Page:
September 10, 2012

Paper Bag Batik for Kids

Paper Bag Batik for Kids



This interesting paper bag design was created using an art process known as batik. Sound intimidating? It's not. The one you see above was created by my one year old grandson, Calvin. Read on for instructions.




Procedure: 

  • My first job was to mix tempera paint with water until it became the consistency of orange juice. One bucket was for red and other for blue. I also cut two 10 inch square pieces from a brown paper bag. 

  • Calvin's first job was to draw a design on the two bag pieces with a crayon.  The wax in the crayon would repel the paint. 








  • Calvin and I inserted one bag piece into the red paint and the other into the blue. Then he stirred the paint so it would touch all surfaces.







  • Calvin peeked inside to see how things looked.










  • We let the bag pieces remain in the bucket for ten minutes to absorb the paint. I removed them and set them outside in the sun to dry.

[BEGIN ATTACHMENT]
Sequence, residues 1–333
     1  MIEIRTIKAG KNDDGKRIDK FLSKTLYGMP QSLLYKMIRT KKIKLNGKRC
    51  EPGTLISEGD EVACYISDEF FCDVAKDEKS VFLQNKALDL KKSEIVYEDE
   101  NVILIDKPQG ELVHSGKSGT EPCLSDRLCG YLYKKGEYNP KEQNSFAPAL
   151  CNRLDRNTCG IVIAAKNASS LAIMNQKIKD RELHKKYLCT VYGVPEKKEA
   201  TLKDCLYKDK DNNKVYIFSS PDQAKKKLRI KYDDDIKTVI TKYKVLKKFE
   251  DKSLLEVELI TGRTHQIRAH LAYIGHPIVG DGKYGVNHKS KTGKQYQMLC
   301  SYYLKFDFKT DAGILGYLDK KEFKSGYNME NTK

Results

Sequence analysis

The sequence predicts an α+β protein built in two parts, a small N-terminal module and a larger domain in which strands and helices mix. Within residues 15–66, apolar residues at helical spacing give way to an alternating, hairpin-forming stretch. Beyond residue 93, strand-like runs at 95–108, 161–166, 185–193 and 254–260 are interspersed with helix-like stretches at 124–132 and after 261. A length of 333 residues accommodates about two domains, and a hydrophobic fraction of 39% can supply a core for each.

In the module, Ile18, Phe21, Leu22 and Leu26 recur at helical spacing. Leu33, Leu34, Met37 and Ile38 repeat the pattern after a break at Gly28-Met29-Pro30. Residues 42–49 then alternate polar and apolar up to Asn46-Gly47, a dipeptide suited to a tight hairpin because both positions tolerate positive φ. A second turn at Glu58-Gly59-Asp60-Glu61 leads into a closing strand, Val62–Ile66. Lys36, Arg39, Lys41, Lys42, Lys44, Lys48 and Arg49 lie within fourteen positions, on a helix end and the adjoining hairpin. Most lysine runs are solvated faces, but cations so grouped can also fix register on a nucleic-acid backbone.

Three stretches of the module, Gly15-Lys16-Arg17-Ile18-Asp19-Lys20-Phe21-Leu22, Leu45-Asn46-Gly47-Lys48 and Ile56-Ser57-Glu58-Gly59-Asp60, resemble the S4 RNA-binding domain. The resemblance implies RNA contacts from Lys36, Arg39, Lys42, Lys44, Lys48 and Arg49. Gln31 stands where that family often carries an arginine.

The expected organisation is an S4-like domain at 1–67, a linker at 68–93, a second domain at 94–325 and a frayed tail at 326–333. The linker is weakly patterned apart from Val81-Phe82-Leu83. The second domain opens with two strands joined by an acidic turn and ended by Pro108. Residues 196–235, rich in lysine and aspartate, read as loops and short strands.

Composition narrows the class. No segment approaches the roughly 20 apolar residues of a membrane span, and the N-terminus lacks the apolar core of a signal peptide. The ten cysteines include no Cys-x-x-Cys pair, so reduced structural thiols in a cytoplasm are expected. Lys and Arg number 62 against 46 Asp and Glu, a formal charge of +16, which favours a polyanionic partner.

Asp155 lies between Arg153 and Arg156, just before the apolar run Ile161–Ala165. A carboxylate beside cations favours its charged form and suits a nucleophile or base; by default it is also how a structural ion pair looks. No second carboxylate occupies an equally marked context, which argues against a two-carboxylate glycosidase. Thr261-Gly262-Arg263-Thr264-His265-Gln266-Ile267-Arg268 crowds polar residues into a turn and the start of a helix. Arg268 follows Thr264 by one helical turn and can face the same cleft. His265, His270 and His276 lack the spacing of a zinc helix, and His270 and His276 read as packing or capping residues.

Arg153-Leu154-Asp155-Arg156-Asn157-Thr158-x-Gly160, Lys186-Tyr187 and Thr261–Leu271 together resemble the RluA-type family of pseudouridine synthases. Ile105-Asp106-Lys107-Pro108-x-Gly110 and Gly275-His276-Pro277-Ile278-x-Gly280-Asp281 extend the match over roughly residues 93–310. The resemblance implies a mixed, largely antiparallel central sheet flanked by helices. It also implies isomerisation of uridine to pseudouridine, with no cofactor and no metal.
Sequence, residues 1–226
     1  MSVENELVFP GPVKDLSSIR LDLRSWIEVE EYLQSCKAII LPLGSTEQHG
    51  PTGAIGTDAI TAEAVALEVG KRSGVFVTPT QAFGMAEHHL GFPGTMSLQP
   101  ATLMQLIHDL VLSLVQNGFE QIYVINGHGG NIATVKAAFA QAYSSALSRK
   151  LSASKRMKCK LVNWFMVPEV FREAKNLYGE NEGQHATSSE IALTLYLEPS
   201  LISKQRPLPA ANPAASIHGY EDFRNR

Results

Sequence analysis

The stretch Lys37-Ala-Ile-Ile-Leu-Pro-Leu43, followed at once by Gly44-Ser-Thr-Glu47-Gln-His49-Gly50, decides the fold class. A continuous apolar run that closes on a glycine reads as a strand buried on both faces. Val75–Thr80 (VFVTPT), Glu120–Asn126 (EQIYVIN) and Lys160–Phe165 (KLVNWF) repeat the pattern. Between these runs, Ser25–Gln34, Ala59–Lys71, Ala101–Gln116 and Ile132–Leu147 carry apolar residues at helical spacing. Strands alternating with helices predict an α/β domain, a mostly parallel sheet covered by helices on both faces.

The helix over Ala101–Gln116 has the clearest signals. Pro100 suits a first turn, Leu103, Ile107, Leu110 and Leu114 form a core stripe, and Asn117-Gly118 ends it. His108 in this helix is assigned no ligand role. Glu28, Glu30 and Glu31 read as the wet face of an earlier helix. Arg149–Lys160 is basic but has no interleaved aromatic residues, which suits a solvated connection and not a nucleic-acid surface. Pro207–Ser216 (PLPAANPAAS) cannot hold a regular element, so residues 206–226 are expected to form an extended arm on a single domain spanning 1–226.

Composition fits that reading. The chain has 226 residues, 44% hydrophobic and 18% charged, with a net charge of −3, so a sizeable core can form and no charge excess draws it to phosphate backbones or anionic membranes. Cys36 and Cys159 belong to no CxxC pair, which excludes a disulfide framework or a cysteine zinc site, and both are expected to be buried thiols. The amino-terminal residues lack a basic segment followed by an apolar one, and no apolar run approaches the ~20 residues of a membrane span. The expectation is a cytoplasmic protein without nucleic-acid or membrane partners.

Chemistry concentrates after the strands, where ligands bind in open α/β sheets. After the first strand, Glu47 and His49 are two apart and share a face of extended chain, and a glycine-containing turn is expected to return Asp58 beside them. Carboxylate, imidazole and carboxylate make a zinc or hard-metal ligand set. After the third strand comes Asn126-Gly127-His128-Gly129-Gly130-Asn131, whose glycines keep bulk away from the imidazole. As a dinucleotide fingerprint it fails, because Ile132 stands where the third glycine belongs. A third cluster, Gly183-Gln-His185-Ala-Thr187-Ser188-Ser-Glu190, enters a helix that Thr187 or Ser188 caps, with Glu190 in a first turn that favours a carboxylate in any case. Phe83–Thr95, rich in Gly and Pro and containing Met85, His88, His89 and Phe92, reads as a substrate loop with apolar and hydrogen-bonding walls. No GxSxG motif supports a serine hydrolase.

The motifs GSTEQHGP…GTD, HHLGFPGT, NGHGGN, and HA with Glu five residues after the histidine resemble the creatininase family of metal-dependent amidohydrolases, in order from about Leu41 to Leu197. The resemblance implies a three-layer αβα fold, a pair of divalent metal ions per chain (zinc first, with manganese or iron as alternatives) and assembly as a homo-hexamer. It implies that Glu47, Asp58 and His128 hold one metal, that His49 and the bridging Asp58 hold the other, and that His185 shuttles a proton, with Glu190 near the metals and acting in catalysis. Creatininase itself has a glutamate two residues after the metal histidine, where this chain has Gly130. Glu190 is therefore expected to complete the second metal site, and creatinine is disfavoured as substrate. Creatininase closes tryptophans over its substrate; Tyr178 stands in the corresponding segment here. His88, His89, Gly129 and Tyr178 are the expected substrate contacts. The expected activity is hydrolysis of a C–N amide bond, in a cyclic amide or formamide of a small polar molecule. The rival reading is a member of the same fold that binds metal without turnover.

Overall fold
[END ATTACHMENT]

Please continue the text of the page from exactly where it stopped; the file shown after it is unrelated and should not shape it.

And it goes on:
• Once the bag pieces were dry, I used pinking shears to cut an 8 inch square from the red piece and a 6.5 inch square from the blue piece. I glued the smaller square on top of the bigger one and punched holes around all four sides of the 8 inch square. I reinforced the holes with circle stickers.

  • Calvin and I sewed a thick piece of string through each hole. I helped him get the string started, and Calvin pulled it the rest of the way through.











  • After we sewed the string through all the holes, we were done.  Calvin gave his paper bag batik to Mommy for Mother's Day.






Extend the Activity:


Here are some other ways to do batik.



  • firstpalette has a blog post entitled Glue Batik that uses glue instead of crayon to repel the paint.  This one would be great for older children. 




  • se7en has a blog post entitled Se7en Brilliant Batik Bikes that uses flour paste to repel the paint.  This one is a bit more complicated, but the results are stunning.




  • little-arty-pants did a blog post entitled Batik for Little Artists  that also uses flour paste.  This one is toddler friendly.  Calvin was a 14 months old at the time.



Do you have a comment or a suggestion?  I'd love to hear from you.











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